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4.1: Introduction- Soil Survey Reports

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    The properties of each soil must be understood to ensure proper use and management. To consider the soil in land use planning and development, an inventory is essential in determining the location and extent of the various kinds of soil. This inventory is called a soil survey.

    Soil surveys began in 1898 in the United States. The study of soils was initially conducted for agriculture and forestry, with little attention given to the ways in which soil properties might influence urban use of land. Modern soil surveys now include information about multipurpose uses of soils. These include interpretation information for wildlife management, development of parks and recreation areas, construction potentials for super highways, airports, and building foundations, selection of pipeline right-of-ways, evaluation of the pollution potential from septic tanks, selection of desirable spatial distribution patterns for residential, commercial, industrial, agricultural, and recreational land use development, implementation of zoning and subdivision control, and land evaluation for equitable tax assessments and bank loan appraisals.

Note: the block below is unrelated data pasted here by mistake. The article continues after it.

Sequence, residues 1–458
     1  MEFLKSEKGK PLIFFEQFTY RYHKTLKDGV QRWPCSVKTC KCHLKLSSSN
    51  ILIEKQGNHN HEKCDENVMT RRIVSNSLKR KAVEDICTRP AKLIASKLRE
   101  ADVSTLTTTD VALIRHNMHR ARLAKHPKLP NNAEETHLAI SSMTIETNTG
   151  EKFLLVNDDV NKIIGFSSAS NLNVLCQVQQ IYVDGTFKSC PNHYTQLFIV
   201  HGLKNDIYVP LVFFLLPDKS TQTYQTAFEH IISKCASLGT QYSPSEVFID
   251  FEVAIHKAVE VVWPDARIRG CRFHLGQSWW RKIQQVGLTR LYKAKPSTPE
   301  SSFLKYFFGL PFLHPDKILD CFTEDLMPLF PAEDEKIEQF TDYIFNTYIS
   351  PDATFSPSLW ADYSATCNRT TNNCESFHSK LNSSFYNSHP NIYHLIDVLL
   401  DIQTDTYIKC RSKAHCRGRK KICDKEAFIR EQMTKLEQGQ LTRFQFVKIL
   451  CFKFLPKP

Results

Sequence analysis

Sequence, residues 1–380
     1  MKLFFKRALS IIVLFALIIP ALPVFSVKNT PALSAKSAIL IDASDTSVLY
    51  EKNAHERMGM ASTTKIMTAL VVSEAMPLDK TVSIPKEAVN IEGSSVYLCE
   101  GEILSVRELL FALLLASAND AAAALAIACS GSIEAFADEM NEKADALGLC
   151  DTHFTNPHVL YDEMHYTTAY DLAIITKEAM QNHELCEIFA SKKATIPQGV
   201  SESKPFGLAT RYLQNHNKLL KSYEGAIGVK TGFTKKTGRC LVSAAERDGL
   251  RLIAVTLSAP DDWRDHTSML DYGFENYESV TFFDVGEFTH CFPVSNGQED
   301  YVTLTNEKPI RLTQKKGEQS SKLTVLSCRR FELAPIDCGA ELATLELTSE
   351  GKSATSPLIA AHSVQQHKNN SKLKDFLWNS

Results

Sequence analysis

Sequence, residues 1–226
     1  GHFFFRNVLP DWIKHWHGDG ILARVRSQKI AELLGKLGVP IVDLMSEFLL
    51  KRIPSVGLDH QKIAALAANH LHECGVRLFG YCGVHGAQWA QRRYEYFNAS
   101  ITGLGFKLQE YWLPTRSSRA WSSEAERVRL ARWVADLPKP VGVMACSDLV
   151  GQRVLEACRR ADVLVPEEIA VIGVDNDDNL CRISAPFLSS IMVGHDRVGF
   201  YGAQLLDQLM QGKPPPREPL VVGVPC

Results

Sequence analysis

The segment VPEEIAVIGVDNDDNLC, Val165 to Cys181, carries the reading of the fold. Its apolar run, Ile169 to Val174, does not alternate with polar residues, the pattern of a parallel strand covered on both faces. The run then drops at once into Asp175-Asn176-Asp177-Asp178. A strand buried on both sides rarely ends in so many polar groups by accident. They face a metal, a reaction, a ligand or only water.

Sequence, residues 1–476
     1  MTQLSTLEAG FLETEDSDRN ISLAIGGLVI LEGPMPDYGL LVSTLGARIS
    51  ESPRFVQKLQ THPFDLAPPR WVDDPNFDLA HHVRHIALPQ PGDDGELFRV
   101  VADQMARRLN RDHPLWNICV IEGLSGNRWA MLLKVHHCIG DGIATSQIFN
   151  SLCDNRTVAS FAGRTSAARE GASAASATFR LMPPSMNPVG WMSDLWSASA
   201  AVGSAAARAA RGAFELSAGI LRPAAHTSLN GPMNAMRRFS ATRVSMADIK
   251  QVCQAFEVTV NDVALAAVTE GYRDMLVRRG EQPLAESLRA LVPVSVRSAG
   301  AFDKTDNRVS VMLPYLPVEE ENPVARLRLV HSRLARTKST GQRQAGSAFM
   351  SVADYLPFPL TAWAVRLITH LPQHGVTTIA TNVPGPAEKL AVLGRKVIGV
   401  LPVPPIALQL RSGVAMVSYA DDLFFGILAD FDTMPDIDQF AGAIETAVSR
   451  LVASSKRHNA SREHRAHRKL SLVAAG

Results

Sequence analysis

This page titled 4.1: Introduction- Soil Survey Reports is shared under a CC BY 4.0 license and was authored, remixed, and/or curated by Anna R. Schwyter & Karen L. Vaughan (UW Open Education Resources (OER)) via source content that was edited to the style and standards of the LibreTexts platform; a detailed edit history is available upon request.